by: Amanda Stefanski
I have a lot of problems with romanticizing the 60s. However, I become fiercely defensive when a white man in a suit tries to degrade some earnest people by calling them hippies. There isn’t anything wrong with peace and love, especially when the alternative is putting a suit on every day.
I’ve been doing some thinking about how the mainstream media and more than a few Republicans have been calling the Occupy Wall Street protesters “hippies.” There has been a seemingly endless amount of time and energy devoted to panning the crowds to find the folks who challenge our notions of respectability and authority the most, in an attempt to discredit the movement. This trope is old hat but still continues to be eternally irritating. Some have responded to these charges by attempting to argue that the people who are attending Occupy Wall Street aren’t “hippies,” but are in fact, just like you and me (whoever you and I are presumed to be).
I disagree. We should never attempt to make ourselves palatable and non-threatening to the powers that be. This should never be our strategy for change, although it often has been in the past. Marginalized groups have always thrown their most obviously deviant folks under the proverbial bus. We’ve seen this within our own community when we’ve witnessed organizations and activists who will support the G and the L while tossing out the B, the T and the Q along with the rest of the alphabet soup.
There are some radical, weird people involved with Occupy Wall Street and who also aren’t interested in any sort of capitalistic norms of respectability, assimilation and control. We should celebrate these people instead of attempting to distance ourselves from them. It is in the interest of the folks with all of the cash for us to reject them. However, I am interested in continuing to explore what the GOP and Fox News are trying to convey by calling the protestors “hippies”. Essentially, it boils down to this notion: these people are not like you. Therefore, you, as the average, home-grown, red-blooded American have several choices.
One: You should fear them. Therefore, you should dismiss them.
Two: You should feel superior to them. Therefore, you should dismiss them.
Three: You should feel that they represent a threat to who you are. Therefore, you should dismiss them.
The purpose of this rhetoric is to inhibit the viewer from seeing themselves as a part of this movement. If these protesters are bunch of burnt-out hippies, what does that say about us? What does that say about the fact that we’re struggling too? By calling the protestors “hippies,” they are claiming that the people at Occupy Wall Street represent something non-normative, something that is a threat to the status quo.
As of now, the Occupy Wall Street both is and isn’t a threat to the status quo. This is disappointing for an anti-capitalist queer such as myself, but I’m not worried. This movement is young. It is full of a lot of folks who have been socialized their entire lives to be terrified or dismissive of imagining this sort of transformative change. I have faith that these ideologies are being discussed or will be discussed. I believe that these transformative ideologies will be intuitively understood by those who have the lived experience, by those who need to understand it most.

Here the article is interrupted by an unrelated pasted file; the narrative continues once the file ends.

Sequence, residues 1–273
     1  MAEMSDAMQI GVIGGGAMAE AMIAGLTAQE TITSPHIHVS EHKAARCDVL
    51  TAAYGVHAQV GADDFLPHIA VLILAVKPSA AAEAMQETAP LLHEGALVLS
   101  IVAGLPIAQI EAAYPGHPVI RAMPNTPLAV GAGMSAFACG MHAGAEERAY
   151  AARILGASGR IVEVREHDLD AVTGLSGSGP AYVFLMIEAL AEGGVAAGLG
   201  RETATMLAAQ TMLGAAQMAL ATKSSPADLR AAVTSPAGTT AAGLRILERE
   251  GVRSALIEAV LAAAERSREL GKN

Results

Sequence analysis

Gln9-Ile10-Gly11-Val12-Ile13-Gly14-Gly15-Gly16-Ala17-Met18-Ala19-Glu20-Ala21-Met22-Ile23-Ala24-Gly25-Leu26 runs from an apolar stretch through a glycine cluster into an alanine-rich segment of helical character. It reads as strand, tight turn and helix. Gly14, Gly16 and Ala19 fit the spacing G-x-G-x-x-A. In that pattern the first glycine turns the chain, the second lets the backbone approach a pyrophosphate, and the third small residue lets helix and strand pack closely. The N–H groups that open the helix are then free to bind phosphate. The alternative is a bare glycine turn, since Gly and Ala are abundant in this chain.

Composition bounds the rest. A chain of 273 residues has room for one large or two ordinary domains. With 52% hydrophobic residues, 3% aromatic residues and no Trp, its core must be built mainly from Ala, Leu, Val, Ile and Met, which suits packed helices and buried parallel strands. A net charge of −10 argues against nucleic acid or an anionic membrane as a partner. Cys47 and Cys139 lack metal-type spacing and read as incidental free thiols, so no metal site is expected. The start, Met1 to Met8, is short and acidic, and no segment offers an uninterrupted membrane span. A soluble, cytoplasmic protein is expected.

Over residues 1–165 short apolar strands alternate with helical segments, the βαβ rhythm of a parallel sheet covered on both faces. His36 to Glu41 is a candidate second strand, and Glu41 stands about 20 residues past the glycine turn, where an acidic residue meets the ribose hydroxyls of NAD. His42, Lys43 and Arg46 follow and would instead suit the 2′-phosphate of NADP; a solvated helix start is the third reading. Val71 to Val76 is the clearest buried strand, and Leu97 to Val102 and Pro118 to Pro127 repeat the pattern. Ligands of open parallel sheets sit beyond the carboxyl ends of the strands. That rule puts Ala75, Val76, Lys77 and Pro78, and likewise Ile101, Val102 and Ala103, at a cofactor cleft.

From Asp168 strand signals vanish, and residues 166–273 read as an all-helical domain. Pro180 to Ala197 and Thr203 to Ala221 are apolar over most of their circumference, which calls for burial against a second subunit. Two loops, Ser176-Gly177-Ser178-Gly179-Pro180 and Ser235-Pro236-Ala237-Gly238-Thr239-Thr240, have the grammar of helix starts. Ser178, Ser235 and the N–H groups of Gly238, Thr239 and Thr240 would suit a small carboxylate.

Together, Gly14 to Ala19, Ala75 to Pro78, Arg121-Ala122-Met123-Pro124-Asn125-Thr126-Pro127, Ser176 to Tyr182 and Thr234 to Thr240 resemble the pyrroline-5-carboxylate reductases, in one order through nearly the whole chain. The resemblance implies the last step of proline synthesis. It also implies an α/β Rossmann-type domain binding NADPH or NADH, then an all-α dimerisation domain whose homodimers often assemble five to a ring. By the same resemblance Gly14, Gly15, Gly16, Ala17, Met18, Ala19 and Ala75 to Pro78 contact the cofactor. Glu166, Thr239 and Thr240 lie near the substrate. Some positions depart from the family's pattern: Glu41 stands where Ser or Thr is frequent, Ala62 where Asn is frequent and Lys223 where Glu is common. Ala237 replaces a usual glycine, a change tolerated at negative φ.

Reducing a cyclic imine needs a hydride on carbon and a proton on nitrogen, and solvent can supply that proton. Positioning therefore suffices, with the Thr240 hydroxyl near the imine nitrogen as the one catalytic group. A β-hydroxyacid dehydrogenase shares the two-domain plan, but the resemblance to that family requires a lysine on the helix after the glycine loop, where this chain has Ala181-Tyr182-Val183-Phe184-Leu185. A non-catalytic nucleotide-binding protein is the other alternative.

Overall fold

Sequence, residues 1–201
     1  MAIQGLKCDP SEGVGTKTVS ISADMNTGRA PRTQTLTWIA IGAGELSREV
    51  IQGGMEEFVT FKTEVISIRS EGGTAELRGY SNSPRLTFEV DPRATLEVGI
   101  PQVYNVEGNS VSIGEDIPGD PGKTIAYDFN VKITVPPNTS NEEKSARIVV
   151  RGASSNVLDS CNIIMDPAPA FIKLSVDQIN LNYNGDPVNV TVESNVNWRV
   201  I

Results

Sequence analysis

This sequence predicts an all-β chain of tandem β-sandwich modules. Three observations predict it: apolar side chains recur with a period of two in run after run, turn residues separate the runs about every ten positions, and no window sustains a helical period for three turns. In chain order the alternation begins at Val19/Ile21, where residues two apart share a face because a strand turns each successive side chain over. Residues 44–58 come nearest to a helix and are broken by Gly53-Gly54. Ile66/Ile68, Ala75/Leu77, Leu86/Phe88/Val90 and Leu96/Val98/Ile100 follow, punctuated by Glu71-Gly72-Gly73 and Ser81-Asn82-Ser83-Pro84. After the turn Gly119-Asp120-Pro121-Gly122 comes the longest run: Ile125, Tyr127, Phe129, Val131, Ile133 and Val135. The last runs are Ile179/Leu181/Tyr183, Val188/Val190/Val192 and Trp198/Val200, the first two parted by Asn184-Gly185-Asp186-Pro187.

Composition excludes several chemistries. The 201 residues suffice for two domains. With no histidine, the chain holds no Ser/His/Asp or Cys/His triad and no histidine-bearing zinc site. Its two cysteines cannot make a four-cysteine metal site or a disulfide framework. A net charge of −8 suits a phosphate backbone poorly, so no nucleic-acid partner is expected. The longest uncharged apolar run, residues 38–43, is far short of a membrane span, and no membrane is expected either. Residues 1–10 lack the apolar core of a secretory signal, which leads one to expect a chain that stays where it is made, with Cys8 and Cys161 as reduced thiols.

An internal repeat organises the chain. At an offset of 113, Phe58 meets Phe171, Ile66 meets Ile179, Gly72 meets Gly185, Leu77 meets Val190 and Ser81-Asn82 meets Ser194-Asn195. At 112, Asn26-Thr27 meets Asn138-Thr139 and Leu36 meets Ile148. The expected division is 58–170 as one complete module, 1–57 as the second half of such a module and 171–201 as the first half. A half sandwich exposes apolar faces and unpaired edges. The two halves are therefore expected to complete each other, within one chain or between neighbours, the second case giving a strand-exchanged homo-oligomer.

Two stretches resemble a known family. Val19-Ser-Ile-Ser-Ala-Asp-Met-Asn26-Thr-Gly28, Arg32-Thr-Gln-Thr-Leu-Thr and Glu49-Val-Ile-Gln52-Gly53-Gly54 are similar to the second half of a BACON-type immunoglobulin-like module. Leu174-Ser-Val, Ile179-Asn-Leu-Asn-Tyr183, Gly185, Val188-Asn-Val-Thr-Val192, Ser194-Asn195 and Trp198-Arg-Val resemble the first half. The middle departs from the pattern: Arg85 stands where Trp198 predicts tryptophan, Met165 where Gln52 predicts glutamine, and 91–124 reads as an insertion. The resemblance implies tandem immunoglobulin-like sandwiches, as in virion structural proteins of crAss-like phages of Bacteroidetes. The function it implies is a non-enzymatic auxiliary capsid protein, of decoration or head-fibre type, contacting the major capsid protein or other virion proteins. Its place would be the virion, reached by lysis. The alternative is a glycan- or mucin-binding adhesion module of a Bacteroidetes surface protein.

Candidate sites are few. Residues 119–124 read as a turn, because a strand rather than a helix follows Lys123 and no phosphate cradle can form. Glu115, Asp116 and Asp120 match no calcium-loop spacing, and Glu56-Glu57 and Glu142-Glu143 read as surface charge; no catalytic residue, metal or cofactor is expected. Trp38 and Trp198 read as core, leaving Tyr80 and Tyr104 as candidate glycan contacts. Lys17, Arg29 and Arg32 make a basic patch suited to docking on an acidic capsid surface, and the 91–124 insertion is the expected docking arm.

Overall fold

Still, this hippie rhetoric is designed to stop people from showing up to even have these conversations. It preys on folks’ deep seated fears of existing outside of the norms that tell us that we will be protected and loved. The implication of occupying this marginalized place is that you will be ostracized and considered unworthy of the dignity that so many protesters are asking for.
In some ways, this is a real fear. We live in a culture that fiercely and continually reinforces its boundaries of normativity in the most violent of ways, including the violence of poverty. It is in the interest of those who are in power to keep us afraid because it keeps us from imagining. It prevents us from truly challenging the way wealth and power is distributed in this country and around the world because we have been so thoroughly policed into changing ourselves to fit the system instead of changing the system to fit who we are. If we’re questioning the system, that means we’ve really failed, right? The dream hasn’t only been deferred, it’s already exploded.
What we’re talking about is power. Who has it, who doesn’t, or who feels like they have it, but really doesn’t. We’re also talking about who has the power to define who we are and to influence what other people think of us. Historically, those with the power have tried to define the folks that resist against them and their institutions. I don’t want this to sound like I’m boiling this down to a us vs. them dichotomy. I know damn well as much as anyone that I might be a “them” to someone else’s us and that’s just not productive for anyone. I have to warn you that this is more complicated than that.
However, I’m talking about the institutions that have the power to define what is normative, what is the other, and how these distinctions manifest themselves into real consequences of violence and fear. What I’m talking about is the language of fear and a culture of demonizing difference and dissent, the culture that keeps us all too terrified to dream of a different world.
Amanda Stefanski is a third year student at DePaul University, studying Women’s and Gender Studies. She is a proud member of the Wolfram Manor Collective, a collective of eight who do their best to provide a safe space for education, activism, artistic expression and socializing for feminists, radicals and queers. She is also a member of DePaul’s Feminist Front. In her spare time, she likes to listen to records, play drums, paint, read, and answer questions about how she keeps her hair such a vibrant shade of pink. Email her at firstname.lastname@example.org.